A 12-year-old girl has been caught in the Chinese city of Shenzhen trying to smuggle dozens of blood samples from pregnant women into neighboring Hong Kong, apparently for sex testing, state media reported.
The girl was detained at Shenzhen’s Luohu port, according to the People’s Daily. The incident occurred on February 23, but it only became widely known after it was reported in local media Thursday.
Sex verification is illegal for pregnant women in mainland China unless it’s required for medical purposes. The traditional desire for a male heir prompted abortions and even infanticide under the nation’s previous one-child policy.
The girl said someone had offered to pay her to bring the samples across the border.
“Cross-border students basically don’t bring anything other than books, stationery and snacks, so their schoolbags usually look lean. But we saw that hers looked so full that it might burst, so we scanned her bag,” said a Luohu port staff member quoted by the People’s Daily.
Shenzhen’s immigration and customs department declined to comment on the case.
The People’s Daily said it was the second case of its kind this year. Authorities say the use of underage people to transport cross-border blood samples is become increasingly common.
The cases could raise concerns that traditional families are going to extreme lengths to ensure they have boys, as they did during the one-child policy.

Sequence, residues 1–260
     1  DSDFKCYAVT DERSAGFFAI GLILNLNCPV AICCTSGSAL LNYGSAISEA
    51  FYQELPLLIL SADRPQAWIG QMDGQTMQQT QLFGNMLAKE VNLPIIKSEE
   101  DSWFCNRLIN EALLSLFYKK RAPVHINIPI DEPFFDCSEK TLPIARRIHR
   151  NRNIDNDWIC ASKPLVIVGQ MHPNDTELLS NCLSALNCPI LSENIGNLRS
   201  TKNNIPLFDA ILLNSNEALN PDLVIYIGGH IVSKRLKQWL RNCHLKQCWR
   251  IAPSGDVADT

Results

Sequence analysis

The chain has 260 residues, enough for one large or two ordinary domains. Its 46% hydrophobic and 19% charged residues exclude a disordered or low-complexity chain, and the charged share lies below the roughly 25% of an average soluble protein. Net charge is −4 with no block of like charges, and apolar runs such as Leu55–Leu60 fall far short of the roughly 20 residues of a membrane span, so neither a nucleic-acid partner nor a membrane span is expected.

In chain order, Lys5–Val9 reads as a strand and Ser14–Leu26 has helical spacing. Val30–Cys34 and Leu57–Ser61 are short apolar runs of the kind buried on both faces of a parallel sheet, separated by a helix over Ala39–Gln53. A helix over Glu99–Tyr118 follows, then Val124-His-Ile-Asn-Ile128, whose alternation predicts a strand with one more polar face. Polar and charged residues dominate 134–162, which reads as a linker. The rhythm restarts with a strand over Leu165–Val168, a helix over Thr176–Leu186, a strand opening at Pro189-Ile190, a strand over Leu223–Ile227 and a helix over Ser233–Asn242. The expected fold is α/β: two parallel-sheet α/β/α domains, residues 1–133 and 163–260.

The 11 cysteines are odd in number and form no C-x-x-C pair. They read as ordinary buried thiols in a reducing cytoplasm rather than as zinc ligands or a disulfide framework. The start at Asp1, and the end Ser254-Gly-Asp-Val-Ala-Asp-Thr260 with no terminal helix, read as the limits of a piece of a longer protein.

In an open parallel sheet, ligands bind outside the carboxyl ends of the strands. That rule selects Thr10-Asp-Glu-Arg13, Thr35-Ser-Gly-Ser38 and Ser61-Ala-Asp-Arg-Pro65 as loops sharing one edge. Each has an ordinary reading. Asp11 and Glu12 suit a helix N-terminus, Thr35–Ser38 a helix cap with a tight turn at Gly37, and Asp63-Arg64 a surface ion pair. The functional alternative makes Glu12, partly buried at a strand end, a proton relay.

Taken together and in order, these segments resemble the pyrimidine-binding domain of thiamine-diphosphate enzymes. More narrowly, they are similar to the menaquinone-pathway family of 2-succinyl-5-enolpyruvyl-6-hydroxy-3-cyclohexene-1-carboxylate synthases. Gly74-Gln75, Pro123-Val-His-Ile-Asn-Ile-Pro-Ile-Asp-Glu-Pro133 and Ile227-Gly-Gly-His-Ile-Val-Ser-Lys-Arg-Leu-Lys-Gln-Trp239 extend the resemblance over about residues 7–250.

The one-child policy was introduced in 1979 due to concerns by the Communist Party leadership that the population would soon spiral out of control.
Though it was axed in 2015, the country’s birth rate has not risen as officials hoped. China currently faces a massive gender imbalance, a shrinking pool of young people left to support their aging parents and grandparents, and a contracting workforce.
China has tried to combat its demographic challenge by loosening centrally controlled family planning policies and encouraging citizens to have more children. So far, it does not appear to have worked.
Population growth slowed in 2018 with 15.23 million live births, a decline of 2 million from the year before, according to the National Bureau of Statistics.
Many middle-class families say cost is one of the main reasons they do not plan on having more children.
CNN’s Ben Westcott, Nanlin Fang and journalist Chermaine Lee contributed to this report